Director: Ari Aster
Stars: Toni Collette, Alex Wolff, Milly Shapiro
When you first hear it – or notice it – it sounds like something you ought to report to the staff. The movie’s playing but there’s this sound, as though a party’s going on next door. Someone’s playing their music too loudly and its interrupting the film. A barely perceptible elevated heartbeat, muffled as though travelling through walls. It’s irritating. And then you realise that it’s part of the mix. It’s not external. It’s in the fibre of the film. Ari Aster is fucking with you.
That’s what we’re dealing with here; a new master trickster. Someone out to resolutely get under your skin and provoke a reaction. For better or worse.
I’m not going to tell you too much about the plot mechanics of Hereditary. Too much relies on knowing as little as possible. Go in not knowing what you’re setting yourself up for and you’ll experience it as intended (don’t even visit the imdb page; the photo header itself is spoilery). But I will talk about craft and tone. Still, in order to do so the barest bones of an explanation will be required.
Annie (Toni Collette) is an artist who works in miniatures and she is grieving, or trying to. Her mother recently passed away and she’s still coming to terms with what that means for her. Her husband Steve (Gabriel Byrne) is quiet, accustomed to living at a lower tempo than his wife. They have two teenage children; Peter (Alex Wolff) is a sensitive stoner approaching graduation, while 13-year-old Charlie (Milly Shapiro) is… different, but not without her own gifts. A flare for elaborate art evidently runs in the family.
And, as the title suggests, that isn’t all. An unexpected event causes the brittle relationships within the household to break down further. Like his characters, writer/director Aster skirts around talking things out. He beds in daisy chains of fear and resentment. These people are ready to turn on one another at the drop of a fork.
A witless argument has broken out in pockets of social media over whether Hereditary is a horror film or a family drama when the answer is actually yes. It is both, all of the time. Aster allows information to tumble out quicker than we can catch it, or lets the viewer discover it, encouraging us to play detective, never undervaluing our own eagerness to play sleuth. This in itself is rewarding, but the manner in which he sets up his stock here is exceedingly impressive.
It’s not just that goddamn sound. Space is a constant concern. The film opens with a long push-in on one of Annie’s models, only for this to seamlessly blend into the first scene between actors, as though everything that follows takes place in a dollhouse. While this isn’t an idea that is carried forward literally, Aster frequently composes familial scenes from this slight remove, as though the actors could tumble out of a model at any minute, revealed as miniatures. He starts unboxing the film’s reality from the very beginning, preparing us for some more significant jerks later on.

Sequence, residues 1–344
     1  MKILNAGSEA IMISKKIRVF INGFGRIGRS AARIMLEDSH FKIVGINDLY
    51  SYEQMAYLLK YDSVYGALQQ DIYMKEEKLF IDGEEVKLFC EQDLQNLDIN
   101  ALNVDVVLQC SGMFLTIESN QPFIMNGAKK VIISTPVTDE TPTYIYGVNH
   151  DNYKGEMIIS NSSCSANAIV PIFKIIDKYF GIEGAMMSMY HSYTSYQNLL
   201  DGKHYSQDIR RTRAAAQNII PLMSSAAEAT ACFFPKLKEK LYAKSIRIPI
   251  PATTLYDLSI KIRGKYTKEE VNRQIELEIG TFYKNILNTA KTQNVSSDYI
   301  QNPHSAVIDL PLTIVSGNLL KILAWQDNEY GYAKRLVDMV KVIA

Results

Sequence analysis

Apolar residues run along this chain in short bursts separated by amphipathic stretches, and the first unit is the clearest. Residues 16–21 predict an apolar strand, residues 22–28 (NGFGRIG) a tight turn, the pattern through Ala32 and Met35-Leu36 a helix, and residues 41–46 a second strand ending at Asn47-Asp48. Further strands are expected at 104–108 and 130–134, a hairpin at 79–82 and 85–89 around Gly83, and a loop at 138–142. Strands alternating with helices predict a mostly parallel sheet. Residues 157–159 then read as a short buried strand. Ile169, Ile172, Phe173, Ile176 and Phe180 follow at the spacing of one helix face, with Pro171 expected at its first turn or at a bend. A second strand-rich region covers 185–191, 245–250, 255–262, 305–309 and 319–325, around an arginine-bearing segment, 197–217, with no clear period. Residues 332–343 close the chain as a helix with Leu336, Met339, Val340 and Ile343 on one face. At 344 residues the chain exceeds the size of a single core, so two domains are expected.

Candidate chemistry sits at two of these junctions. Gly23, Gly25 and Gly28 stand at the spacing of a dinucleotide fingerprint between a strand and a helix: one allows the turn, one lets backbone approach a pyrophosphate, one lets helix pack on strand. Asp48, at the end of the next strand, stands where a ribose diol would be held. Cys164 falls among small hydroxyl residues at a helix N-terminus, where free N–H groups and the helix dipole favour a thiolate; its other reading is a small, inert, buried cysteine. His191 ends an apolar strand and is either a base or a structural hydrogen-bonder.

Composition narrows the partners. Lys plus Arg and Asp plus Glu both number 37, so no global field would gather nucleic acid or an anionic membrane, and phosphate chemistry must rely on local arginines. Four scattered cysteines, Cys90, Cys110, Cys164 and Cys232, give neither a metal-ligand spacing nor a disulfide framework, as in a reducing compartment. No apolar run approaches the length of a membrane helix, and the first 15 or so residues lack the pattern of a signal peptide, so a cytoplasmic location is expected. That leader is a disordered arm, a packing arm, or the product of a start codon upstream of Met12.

The intensity between the leads has no out, even in the spacious woodsy surroundings of… wherever they live. We don’t often see other people, save Ann Dowd’s uncharacteristically cheery Joan. Even the big box superstores of Hereditary seem to exist in the middle of nowhere. Neighbourhoods are spaced out, affluent but distant. This very expansiveness creates a kind of oxymoron of claustrophobia. Too much can go on without anyone noticing. It feels as though there’s nowhere to turn for help or escape.
Even before its started really fucking with you (and it does), Hereditary tells you its a horror. It’s there in the way the camera slowly, coolly drifts through doorways; in the initially dour tone and hyperactivity of the score; in the lingering, deliberate pacing. ‘Normal’ films just don’t behave this way. But neither is Aster interested in playing to current trends. Only one moment comes close to a jump scare. More often Aster will plant something horrendous in a scene and let you find it yourself. This has a cumulatively more oppressive and exhausting effect. No corner of a frame is truly safe.
These things are truly subjective, but personally… this is one of the scariest films I’ve watched. I was uptight with this thing.
Toni Collette is committed, unafraid to mine the intensities of extreme grief. To begin with this feels a tiny bit at odds with Aster’s slightly more austere approach, but by its second hour Hereditary has started to mutate and reveal more of itself. The film ratchets up the crazy, packs in the weird, and constantly seems to teeter on the brink of exploding its own credibility.
In this sense it feels reminiscent of films like mother! which seem custom-built to dare the audience to laugh or leave. Or even the operatic tenor of a genre classic like Possession (1981). Hereditary is funny in the sense that it is hysterical in the truest meaning of the word. After the cagey opening, the dance to the end is performed with wicked glee. Aster has his actors performing pirouettes of torment, in the process providing the genre with some indelible imagery that’ll go down as classic.
As much as Collette and Wolff are getting much of the acting praise, I hope people also appreciate what Gabrielle Byrne brings to the table in a more reserved and measured role. Milly Shapiro, meanwhile, commands every second that she appears on screen.
As a directorial debut this is incredibly exciting. We immediately have a new name to keep an eye on. Trust A24 to come up with the goods again. But be warned, as with all provocative, deliberately ‘weird’ movies fortunate enough to snatch-up the distribution for a mainstream release, Hereditary isn’t about to fold up neatly into your palm. It’s a mischievous beast, both elegant and giddily ungainly. Consider yourselves warned.